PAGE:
Co-op bachelor apartment, 3637 Cambie St.
Paulina Bustamante says she feels grateful every single day that she found her home in a co-op on Cambie Street. The freelance writer and box office worker at the Arts Club Theatre moved into a small bachelor pad on the top floor of the Eight Oaks Housing Cooperative seven years ago after putting down a “share purchase” of $3,000 and now pays just $728 a month in rent, considerably less than what the place would likely go for in a conventional rental building.
“I know it is an incredible deal for Vancouver, but just as valuable is the sense of community and safety net that is here,” said Bustamante of the volunteer-run, four-storey building that even has its own daycare.
Although her apartment is only around 450 square feet, she said a bedroom loft built by the previous tenant makes the place seems bigger.
“My dad is an engineer and the first thing he did when he saw my place was to hang off the end of it to make sure it was sturdy, so I know it was approved after some very strenuous testing.”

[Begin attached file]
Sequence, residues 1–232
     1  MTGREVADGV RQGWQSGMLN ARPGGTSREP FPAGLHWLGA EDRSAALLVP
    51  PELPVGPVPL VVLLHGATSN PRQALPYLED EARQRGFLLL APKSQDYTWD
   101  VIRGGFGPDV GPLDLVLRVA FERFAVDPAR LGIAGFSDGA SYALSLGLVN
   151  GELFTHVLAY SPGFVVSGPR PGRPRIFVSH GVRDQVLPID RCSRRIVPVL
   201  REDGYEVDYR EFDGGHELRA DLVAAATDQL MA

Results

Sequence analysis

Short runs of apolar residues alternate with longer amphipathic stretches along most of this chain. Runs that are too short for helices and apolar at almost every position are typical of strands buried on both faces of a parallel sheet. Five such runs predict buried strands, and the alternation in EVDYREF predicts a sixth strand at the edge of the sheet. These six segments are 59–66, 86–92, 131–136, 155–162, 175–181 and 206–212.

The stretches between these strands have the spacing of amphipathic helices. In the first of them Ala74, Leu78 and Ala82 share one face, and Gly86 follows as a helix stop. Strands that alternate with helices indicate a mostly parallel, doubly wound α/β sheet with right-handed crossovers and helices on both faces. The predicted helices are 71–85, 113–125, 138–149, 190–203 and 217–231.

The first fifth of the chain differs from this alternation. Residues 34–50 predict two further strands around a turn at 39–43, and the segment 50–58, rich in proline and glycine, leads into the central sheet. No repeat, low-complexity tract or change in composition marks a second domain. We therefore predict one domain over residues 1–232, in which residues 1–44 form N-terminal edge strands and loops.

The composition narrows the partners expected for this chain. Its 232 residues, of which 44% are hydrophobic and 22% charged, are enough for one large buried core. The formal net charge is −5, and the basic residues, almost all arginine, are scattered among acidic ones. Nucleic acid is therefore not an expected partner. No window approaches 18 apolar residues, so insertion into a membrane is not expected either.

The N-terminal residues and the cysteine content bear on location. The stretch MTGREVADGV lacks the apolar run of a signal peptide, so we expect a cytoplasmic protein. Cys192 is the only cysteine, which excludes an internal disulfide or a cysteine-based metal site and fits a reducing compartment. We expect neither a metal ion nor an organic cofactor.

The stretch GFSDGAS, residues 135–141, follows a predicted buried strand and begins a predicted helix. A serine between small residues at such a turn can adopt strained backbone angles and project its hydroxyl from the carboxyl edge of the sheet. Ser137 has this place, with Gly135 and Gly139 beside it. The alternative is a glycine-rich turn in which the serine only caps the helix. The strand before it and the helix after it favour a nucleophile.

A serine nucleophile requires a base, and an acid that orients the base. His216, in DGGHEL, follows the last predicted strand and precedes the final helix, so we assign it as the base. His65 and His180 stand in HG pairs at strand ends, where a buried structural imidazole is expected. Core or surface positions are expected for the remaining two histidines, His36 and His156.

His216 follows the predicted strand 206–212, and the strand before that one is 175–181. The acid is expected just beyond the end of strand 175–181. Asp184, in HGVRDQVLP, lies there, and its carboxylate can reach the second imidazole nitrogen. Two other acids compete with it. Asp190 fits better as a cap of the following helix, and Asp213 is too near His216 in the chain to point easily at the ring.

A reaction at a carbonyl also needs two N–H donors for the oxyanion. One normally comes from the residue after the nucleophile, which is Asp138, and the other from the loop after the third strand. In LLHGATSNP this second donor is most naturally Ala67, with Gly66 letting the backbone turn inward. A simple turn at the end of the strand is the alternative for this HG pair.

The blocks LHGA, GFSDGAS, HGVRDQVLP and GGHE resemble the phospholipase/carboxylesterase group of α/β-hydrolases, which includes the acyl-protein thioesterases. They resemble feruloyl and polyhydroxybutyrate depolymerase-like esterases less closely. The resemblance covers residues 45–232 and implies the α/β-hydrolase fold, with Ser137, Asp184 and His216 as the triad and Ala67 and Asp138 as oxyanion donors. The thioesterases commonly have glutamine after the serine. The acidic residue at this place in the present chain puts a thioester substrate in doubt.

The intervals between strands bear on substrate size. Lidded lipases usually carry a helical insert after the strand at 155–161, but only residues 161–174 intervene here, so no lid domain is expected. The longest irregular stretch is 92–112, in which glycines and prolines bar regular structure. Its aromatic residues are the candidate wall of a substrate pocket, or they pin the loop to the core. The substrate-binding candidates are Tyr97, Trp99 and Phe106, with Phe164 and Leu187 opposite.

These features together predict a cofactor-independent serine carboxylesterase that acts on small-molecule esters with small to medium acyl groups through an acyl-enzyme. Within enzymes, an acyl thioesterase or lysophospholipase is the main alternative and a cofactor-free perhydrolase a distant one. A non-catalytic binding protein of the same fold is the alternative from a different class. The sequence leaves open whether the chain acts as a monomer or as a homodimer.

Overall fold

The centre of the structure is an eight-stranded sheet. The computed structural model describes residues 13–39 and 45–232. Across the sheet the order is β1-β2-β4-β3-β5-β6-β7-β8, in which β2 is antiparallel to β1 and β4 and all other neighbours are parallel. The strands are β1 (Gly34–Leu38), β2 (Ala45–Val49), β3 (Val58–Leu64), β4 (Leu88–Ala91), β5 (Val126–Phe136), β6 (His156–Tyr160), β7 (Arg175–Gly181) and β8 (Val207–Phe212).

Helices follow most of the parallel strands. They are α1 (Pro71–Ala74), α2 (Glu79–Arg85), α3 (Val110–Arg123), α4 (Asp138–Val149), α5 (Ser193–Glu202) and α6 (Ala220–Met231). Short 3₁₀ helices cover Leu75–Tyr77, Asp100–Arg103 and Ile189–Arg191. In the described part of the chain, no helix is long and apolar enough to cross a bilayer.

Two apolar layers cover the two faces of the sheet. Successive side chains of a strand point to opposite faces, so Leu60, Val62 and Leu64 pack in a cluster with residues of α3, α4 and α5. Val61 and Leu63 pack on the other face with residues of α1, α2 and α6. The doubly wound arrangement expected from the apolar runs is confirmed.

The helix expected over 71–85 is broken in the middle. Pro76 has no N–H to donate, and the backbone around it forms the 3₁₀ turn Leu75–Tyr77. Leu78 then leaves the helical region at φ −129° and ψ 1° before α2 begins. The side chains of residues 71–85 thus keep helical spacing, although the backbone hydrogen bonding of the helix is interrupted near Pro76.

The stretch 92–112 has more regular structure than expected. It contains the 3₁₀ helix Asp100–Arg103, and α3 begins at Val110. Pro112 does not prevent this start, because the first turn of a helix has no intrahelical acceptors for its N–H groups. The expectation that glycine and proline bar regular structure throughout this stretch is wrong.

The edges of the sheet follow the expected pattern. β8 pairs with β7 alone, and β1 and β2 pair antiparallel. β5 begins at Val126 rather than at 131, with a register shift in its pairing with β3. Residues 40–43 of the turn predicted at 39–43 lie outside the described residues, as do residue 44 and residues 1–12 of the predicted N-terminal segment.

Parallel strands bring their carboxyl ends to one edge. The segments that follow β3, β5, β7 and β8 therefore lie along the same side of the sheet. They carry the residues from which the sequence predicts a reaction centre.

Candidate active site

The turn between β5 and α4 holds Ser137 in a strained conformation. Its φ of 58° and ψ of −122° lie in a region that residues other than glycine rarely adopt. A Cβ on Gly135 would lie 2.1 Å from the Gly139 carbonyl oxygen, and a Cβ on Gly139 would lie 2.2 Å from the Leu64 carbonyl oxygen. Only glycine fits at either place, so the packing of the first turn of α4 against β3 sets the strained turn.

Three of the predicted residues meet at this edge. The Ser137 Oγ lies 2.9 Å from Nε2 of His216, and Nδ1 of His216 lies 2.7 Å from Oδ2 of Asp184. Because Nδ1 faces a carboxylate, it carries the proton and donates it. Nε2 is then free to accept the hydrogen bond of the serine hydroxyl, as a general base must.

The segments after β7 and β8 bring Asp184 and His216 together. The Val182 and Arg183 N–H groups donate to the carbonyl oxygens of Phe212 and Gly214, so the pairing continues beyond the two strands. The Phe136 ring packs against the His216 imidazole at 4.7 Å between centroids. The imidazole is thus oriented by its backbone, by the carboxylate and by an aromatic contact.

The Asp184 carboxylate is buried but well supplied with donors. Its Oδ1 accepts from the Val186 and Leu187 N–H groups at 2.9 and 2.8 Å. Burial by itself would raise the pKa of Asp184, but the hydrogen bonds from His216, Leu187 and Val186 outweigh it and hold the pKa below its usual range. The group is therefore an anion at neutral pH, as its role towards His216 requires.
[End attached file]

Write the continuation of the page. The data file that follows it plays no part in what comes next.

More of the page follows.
Unlike some co-ops, rent isn’t tied to annual income levels, although there is a minimum requirement to be approved as a new resident. She said most residents of the 42-unit complex have successful careers but emergency subsidies are also available to members.
“I went through a phase where work wasn’t really coming in and the rent was scaled to what I was making a month and this lasted for maybe three months,” she said. “Right now there are some people who pay less than I do for the same thing, and as a co-op member I have to be OK with that and I am.”
She added that while she loves her home, she can’t see herself in the same apartment forever.
“I don’t want to be here in 10 years climbing up and down the ladder to my loft when I’m 50,” she said with a laugh. “I might finally want to have an actual bed frame by then.”